I divide these nodes into three categories according to function.Rescue/reception points are the places refugees enter the attended route, usually in very bad shape and after very trying journeys; the most well-known of these are on Greek islands such as Kos, Lesvos, and Samos, but I also consider the Serbian border camp of Dimitrovgrad to be a rescue/reception point considering what people report having undergone in Bulgaria.Transit points are places refugees only pass through: waiting/resting time at a transit point is a matter of hours, not days. At camps, refugees can sleep. Or at least try.
At each node, over the course of the last two to five months, a fragile and contentious hierarchy of institutions has taken shape. Each has the same pecking order (state authorities—international NGOs—state aid organizations—independent/autonomous aid organizations), but the rigidity or fluidity of the hierarchy at each node is completely unique, and also variable over time. Also, position in the pecking order is generally inversely related to the amount of actual direct solidarity and infrastructure work an institution is doing.
I got an idea of what this looks like at its most rigid when a fellow volunteer in Serbia told me about her previous experiences working on a Greek island. She did several night shifts on the beaches as part of a local autonomous rescue and solidarity crew that has been in existence since well before Balkanroute became a term. She spoke of a recalcitrant Coast Guard which occasionally refused to respond to SOS calls, and which would detain new arrivals—cold, wet, unfed, young men mostly, children actually, fourteen-year-olds—in prison conditions, sometimes for days.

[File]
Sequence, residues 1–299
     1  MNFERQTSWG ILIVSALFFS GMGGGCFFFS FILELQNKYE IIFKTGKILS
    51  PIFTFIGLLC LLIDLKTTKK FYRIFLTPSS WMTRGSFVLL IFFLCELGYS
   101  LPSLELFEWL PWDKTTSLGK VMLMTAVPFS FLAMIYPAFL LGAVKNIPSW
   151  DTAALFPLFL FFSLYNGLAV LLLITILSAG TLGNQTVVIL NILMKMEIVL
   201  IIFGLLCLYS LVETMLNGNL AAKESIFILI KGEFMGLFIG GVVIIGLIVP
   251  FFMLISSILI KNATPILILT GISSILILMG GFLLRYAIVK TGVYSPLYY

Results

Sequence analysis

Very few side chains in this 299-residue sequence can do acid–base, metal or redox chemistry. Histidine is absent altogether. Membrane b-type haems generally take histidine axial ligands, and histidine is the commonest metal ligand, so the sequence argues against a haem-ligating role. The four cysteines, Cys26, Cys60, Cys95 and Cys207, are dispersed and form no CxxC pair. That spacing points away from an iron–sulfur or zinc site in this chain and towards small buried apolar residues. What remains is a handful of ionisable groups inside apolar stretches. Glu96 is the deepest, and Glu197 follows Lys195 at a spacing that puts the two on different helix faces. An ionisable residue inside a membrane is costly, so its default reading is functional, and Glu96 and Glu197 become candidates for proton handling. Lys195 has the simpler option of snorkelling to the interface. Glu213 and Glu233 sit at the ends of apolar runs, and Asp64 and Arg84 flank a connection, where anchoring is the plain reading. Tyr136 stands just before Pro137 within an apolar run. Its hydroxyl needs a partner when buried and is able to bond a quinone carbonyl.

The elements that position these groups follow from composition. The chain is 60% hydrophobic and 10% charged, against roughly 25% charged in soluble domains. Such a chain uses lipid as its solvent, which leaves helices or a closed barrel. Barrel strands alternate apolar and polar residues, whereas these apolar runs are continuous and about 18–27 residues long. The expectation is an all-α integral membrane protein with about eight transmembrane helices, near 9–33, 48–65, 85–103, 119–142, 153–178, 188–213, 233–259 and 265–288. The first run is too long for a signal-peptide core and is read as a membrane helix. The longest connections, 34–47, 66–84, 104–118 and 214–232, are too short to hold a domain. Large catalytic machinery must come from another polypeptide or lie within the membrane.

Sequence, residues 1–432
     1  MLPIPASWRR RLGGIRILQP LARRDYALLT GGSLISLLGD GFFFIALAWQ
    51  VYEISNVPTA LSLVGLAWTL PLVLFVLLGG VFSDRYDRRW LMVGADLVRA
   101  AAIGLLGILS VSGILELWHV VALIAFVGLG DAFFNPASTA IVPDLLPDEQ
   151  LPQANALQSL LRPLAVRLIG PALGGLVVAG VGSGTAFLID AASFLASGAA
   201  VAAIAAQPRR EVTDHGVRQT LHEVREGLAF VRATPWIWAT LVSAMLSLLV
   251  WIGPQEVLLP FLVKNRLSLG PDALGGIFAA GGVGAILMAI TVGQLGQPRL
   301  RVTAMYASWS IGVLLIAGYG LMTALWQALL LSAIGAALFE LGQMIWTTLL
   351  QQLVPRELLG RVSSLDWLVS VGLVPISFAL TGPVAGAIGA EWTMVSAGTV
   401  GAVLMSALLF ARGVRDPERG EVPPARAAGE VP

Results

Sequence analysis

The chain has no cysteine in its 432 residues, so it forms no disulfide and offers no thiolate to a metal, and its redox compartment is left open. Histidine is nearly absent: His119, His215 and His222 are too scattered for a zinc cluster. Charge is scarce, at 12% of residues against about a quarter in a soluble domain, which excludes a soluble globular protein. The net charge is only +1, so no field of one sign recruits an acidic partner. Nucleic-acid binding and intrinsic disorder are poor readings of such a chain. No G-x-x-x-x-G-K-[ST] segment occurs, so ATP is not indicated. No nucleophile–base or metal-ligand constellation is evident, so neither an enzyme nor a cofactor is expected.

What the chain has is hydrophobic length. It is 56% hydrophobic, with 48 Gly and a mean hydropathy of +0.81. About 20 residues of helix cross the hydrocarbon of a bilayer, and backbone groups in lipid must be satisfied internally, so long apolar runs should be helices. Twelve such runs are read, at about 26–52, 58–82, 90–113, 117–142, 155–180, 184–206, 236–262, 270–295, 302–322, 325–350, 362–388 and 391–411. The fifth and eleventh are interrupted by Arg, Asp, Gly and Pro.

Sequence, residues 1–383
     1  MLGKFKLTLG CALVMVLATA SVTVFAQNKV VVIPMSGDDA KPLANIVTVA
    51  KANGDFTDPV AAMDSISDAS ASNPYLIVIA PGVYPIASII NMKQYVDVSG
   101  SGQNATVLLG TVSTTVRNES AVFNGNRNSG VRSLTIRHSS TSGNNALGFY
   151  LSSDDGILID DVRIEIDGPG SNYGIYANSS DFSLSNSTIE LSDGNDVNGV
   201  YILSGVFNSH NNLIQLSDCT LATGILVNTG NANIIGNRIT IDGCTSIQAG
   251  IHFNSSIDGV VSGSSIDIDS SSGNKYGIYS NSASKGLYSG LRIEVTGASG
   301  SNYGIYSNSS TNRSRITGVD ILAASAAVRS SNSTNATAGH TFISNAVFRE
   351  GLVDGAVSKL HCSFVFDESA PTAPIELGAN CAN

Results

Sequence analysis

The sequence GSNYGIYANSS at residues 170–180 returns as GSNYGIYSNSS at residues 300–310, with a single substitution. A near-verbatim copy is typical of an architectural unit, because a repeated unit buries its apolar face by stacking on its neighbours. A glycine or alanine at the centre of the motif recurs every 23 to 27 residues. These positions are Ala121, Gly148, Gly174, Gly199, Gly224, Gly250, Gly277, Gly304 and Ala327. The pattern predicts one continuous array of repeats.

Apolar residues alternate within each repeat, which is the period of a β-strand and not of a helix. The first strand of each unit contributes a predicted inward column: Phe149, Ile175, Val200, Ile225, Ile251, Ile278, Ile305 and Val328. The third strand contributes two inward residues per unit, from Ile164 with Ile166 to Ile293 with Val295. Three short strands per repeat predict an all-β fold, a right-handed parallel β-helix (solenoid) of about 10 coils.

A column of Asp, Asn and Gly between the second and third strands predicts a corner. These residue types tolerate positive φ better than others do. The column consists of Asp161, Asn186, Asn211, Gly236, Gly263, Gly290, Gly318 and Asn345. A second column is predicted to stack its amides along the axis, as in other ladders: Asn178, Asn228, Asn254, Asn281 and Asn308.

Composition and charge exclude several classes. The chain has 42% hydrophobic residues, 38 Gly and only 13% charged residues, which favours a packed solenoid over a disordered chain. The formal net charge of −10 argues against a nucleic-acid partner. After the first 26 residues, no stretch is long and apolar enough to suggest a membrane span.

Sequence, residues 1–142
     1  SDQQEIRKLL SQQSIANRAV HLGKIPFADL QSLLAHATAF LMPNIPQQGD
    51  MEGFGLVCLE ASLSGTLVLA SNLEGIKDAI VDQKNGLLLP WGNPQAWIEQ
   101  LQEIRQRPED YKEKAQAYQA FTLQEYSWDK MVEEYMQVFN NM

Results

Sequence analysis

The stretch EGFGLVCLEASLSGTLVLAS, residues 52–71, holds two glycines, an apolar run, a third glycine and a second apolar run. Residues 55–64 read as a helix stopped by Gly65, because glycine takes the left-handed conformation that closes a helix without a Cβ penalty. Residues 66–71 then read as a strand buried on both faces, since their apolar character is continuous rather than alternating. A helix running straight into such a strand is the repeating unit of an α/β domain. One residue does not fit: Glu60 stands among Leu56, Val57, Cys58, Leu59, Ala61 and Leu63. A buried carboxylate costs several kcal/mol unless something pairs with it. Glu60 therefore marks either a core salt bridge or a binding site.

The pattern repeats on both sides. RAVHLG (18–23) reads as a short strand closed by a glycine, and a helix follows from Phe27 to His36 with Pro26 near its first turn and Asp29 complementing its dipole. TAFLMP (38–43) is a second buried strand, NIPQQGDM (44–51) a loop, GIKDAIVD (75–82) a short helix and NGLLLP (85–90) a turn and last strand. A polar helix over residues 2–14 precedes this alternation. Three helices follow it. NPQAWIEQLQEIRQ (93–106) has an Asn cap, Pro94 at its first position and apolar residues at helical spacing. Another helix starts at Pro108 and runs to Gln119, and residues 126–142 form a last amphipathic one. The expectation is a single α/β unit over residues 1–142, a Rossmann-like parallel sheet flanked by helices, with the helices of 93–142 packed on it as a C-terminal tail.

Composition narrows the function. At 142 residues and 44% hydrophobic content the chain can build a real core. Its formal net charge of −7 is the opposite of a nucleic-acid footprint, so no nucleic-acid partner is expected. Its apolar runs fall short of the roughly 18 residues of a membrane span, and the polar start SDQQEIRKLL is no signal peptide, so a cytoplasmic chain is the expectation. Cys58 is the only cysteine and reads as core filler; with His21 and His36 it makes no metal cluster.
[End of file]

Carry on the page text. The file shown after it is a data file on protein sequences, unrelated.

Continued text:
The local solidarity organization she was working with would prepare warm food for these detainees, but in order to get it to them, they had to hand it all over to UNHCR, who would then hand it over to the detention center, where the food, now cold, would be distributed by guards, who also stretched out the portions with unseasoned noodles and water. But her organization did this every day anyway, she said, because otherwise the detainees would have no food at all.